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Thermal and mechanical quantitative sensory testing values among healthy African American adults

Authors Powell-Roach KL, Yao Y, Rutherford JN, Schlaeger JM, Patil CL, Suarez ML, Shuey D, Angulo V, Carrasco J, Ezenwa MO, Fillingim RB, Wang ZJ, Molokie RE, Wilkie DJ

Received 11 April 2019

Accepted for publication 9 July 2019

Published 9 August 2019 Volume 2019:12 Pages 2511—2527


Checked for plagiarism Yes

Review by Single anonymous peer review

Peer reviewer comments 2

Editor who approved publication: Dr Katherine Hanlon

Keesha L Powell-Roach,1 Yingwei Yao,2 Julienne N Rutherford,3 Judith M Schlaeger,3 Crystal L Patil,3 Marie L Suarez,4 David Shuey,4 Veronica Angulo,4 Jesus Carrasco,4 Miriam O Ezenwa,2 Roger B Fillingim,1 Zaijie J Wang,5 Robert E Molokie,5–7 Diana J Wilkie1,2

1Department of Community Dentistry and Behavioral Science, College of Dentistry, University of Florida, Gainesville, FL, USA; 2Department of Biobehavioral Nursing Science, College of Nursing, University of Florida, Gainesville, FL, USA; 3Department of Women, Children and Family Health Science, College of Nursing, University of Illinois at Chicago, Chicago, IL, USA; 4Department of Biobehavioral Health Science, College of Nursing, University of Illinois at Chicago, Chicago, IL, USA; 5Department of Biopharmaceutical Sciences, College of Pharmacy, Cancer Center, University of Illinois at Chicago, Chicago, IL, USA; 6Division of Hematology/Oncology, University of Illinois at Chicago College of Medicine, Chicago, IL, USA; 7Department of Hematology/Oncology, Jessie Brown Veteran’s Administration Medical Center, Chicago, IL, USA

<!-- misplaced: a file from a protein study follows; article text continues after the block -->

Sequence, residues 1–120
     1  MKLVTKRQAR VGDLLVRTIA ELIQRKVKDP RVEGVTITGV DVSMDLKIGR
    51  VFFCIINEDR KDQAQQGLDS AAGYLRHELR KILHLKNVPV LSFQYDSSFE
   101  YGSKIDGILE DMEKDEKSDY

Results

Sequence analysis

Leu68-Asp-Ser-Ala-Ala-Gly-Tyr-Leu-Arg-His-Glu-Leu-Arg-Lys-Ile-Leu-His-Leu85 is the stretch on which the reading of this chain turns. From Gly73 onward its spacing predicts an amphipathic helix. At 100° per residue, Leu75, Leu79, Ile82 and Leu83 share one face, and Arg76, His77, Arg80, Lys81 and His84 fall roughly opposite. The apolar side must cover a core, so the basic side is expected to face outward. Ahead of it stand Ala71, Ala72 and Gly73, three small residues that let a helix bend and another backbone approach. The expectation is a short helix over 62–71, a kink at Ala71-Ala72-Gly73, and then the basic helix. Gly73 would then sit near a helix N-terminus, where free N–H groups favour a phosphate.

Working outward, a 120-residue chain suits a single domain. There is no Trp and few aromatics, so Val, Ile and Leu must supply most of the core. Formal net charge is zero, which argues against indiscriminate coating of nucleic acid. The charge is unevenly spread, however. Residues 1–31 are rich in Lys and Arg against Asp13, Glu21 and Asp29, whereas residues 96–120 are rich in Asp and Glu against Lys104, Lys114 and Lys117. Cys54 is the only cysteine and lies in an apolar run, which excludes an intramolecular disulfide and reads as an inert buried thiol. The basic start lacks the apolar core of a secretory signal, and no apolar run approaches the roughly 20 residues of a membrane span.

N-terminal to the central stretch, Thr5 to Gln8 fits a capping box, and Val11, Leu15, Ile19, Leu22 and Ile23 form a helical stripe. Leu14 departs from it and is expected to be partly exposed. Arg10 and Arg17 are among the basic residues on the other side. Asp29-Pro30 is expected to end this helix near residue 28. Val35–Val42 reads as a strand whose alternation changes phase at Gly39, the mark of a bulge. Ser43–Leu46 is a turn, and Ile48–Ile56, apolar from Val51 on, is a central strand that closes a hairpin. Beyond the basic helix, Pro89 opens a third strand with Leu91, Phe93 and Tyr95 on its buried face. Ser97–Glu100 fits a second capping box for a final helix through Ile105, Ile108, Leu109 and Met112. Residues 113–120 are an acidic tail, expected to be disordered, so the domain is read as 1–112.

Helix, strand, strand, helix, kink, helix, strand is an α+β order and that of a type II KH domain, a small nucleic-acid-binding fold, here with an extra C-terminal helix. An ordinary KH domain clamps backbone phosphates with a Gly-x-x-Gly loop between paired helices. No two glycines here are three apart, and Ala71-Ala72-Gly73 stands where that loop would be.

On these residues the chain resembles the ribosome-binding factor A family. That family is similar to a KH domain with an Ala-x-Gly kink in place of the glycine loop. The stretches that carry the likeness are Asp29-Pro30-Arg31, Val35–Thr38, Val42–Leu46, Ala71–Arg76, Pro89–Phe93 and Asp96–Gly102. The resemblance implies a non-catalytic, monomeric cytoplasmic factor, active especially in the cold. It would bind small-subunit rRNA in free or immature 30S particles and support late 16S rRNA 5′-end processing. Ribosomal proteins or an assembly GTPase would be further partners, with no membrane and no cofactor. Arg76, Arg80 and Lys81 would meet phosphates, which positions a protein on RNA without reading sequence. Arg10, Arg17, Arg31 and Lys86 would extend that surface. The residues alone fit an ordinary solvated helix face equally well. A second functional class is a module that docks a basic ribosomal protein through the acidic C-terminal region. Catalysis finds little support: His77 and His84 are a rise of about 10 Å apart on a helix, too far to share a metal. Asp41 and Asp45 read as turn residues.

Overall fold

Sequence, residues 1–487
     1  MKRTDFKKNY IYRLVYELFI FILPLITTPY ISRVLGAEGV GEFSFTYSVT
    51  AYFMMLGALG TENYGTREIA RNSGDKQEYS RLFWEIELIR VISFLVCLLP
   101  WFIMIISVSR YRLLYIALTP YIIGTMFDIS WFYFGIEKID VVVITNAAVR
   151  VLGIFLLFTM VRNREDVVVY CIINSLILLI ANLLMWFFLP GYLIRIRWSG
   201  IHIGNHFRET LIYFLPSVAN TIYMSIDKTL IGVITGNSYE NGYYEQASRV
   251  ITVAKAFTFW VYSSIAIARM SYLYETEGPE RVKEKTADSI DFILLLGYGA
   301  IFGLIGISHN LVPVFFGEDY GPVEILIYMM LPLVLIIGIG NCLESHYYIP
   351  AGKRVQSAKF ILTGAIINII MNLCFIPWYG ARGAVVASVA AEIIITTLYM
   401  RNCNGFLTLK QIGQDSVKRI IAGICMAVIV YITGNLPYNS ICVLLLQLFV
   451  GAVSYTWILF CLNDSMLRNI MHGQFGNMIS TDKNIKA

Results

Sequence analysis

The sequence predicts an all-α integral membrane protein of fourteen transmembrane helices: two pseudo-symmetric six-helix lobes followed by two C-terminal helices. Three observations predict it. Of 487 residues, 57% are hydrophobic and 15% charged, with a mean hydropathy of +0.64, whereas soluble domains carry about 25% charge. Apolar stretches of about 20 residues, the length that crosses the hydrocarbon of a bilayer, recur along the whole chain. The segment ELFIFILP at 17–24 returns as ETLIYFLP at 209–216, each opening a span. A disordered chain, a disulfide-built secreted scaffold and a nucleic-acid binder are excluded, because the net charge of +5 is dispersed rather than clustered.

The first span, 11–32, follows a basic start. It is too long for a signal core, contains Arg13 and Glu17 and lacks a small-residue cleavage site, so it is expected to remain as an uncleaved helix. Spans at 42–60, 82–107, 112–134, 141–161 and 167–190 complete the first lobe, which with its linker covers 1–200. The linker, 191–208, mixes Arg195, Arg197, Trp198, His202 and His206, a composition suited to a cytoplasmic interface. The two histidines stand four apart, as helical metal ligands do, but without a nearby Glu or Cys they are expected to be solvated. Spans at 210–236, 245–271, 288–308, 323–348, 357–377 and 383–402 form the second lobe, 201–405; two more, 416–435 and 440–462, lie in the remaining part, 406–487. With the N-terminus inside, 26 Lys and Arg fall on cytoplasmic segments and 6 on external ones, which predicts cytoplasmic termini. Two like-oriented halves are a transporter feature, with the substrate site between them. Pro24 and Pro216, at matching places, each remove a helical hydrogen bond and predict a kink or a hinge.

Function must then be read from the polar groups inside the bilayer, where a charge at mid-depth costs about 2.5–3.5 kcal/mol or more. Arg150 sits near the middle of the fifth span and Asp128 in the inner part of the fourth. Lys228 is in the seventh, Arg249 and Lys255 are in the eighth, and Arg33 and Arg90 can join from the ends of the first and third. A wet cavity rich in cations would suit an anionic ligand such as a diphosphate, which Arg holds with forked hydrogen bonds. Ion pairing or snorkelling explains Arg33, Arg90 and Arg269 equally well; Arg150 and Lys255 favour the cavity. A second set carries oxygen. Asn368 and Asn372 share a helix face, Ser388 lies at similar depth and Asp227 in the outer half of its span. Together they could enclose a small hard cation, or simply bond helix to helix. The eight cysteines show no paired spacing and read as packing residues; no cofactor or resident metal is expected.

Purpose: Only a few studies have reported quantitative sensory testing (QST) reference values for healthy African Americans, and those studies are limited in sample size and age of participants. The study purpose was to characterize QST values in healthy, pain-free African American adults and older adults whose prior pain experiences and psychological status were also measured. We examined the QST values for differences by sex, age, and body test site.
Patients and methods: A cross-sectional sample of 124 pain-free African American adults (age 18–69 years, 49% female) completed demographic and self-reported pain, fatigue and psychosocial measures. QST was performed to obtain thermal and mechanical responses and associated pain intensity levels.
Results: We found thermal detection values at the anterior forearm were (29.2 °C±1.6) for cool detection (CD) and (34.5 °C±1.2) for warm detection (WD). At that site the sample had cold pain threshold (CPTh) (26.3 °C±5.0), heat pain threshold (HPTh) (37.8 °C±3.6), and mechanical pain thresholds (MPTH) (16.7±22.2 grams of force, gF). There was a significant between sex difference for WD, with women being more sensitive (q=0.027). Lower body sites were less sensitive than upper body sites across all thermal modalities (q<0.003), but not for the mechanical modality.
Conclusion: The QST values from this protocol at the anterior forearm indicate that the healthy African American adults had average thermal pain thresholds close to the temperature of adaptation and average MPTh under 20 gF. Differences in responses to thermal and mechanical stimuli for upper verses lower body were consistent with prior research.

Keywords: quantitative sensory testing, QST, PROMIS, pain, healthy, African Americans

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